Report: Assesses the validity of several current assumptions of behavior change theories on condom use, estimates impact of persuasive messages that recommend condom use, and presents knowledge on the impact of the different types of persuasive arguments (Albarracin, 2004).
- Investigates the effects of persuasive communications on psychological and behavioral changes
- Distinguishes between the effect of message-based intervention on condom use from other interventions
- Utilizes a large sample size to explore assumptions of behavior-change theories
- Presents a systematic analysis of how communications designed to increase condom use influence different populations
- Tests the validity of methodological recommendations relevant to behavior-change theories
Authors 46 reports, published around 1991, which yielded 82 independent treatment groups and 29 independent control groups:
- PsycINFO, Medline, Social Science Citation Index, and Dissertation Abstracts International were searched
- 20 Journals available after 1985 and relevant to HIV and communication were assessed
- Communications had no general effect on condom use
- Effects of communication on condom use was heterogeneous across studies
- There is a possibility that some arguments were effective at increasing condom use
- Attitudes, norms, perceived control, and behavioral skills are likely to increase condom use
- Factual information and arguments to induce perceived severity and vulnerability may have had little effect.
- Use of behavioral processes increased linearly for most health problems.
- Presenting information about HIV mechanism negatively correlated with change in condom use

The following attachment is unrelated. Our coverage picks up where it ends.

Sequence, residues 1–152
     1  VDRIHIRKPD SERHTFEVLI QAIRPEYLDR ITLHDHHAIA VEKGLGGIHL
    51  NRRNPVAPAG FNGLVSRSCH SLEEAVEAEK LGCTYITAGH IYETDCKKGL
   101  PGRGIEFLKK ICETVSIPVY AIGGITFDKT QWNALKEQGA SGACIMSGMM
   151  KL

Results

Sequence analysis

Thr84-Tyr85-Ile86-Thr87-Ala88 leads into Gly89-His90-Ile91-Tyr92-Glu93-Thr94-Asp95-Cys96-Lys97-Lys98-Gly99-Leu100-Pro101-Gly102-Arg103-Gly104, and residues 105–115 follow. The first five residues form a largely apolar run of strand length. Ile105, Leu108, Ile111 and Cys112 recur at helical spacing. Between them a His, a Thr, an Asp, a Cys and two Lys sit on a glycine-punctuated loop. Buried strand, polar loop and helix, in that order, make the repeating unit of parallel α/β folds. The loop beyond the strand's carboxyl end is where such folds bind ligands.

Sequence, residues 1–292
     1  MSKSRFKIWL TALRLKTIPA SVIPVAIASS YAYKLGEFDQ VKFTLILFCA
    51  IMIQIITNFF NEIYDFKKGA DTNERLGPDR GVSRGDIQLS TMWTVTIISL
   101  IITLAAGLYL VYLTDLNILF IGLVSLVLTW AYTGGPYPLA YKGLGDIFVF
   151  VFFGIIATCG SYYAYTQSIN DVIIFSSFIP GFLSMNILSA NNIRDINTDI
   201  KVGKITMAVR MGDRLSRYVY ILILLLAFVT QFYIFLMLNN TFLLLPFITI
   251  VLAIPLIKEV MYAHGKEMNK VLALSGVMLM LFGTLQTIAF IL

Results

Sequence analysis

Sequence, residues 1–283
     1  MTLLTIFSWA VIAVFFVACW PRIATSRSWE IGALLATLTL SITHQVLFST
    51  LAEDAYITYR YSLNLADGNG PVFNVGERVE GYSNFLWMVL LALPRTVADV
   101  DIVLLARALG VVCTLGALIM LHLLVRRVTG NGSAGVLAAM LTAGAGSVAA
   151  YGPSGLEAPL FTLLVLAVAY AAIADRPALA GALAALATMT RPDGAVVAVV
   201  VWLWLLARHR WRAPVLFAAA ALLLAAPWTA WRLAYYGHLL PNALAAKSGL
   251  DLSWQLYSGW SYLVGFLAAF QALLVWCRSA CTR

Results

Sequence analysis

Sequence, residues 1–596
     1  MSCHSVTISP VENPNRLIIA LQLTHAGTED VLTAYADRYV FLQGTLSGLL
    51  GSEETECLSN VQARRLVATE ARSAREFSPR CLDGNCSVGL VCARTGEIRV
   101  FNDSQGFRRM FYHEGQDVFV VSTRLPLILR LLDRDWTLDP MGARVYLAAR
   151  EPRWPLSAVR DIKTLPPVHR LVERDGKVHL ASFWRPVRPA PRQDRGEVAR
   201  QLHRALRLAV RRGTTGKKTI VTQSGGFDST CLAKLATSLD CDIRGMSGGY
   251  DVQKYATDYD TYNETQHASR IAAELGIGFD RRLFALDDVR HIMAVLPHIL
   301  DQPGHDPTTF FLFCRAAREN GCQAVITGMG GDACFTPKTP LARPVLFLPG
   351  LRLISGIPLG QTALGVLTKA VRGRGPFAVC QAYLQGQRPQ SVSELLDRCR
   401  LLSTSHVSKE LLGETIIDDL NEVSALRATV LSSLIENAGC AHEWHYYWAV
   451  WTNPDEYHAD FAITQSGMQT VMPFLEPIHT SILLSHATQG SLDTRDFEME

- Change in condom use was positively associated with:
- Percentage male participants
- Mean age
- City population
- Random (vs. nonrandom) assignment to conditions
- Amount of payment received
- Time between treatment and postest
- Conducting formative research prior to the intervention
- Targeting specific (vs. general) populations
- Self-selection bias
- Attrition rate
- Change in condom use was negatively associated with:
- Baseline level of condom use
- Inclusion of middle or high school students
- Percentage of non-sexually active participants
- Presenting communication in schools (vs. other places)
- Presenting communications in brochures, posters or print (vs. face-to-face or use of video)
- Neither informing participants about the risks of HIV infection nor increasing their experience of HIV threat had a positive influence on condom use.
- Messages that taught people condom-using skills had more effect than those that didn't.
- It is unclear if increasing skills led to overcoming barriers related to condom use or if increasing skills increased self-efficacy and hence intentions.
- Communication effectiveness was greater when participants had lower rates of condom use at baseline.
- Communications designed to increase condom use have psychological influences.
- Communications produced small increases in desired attitudes and intentions toward condom use.
- HIV-prevention communications had no generalized impact on perceived severity, susceptibility, negotiation skills or actual condom use.
- Communication content matters
- Both communication practice and research benefit from explication of benefits of the effects of specific components of preventive interventions.
- More complex experimental designs to allow conclusions about types of messages and interventions are needed.
- Effectiveness of HIV-prevention communications depends on methodological factors of the intervention itself.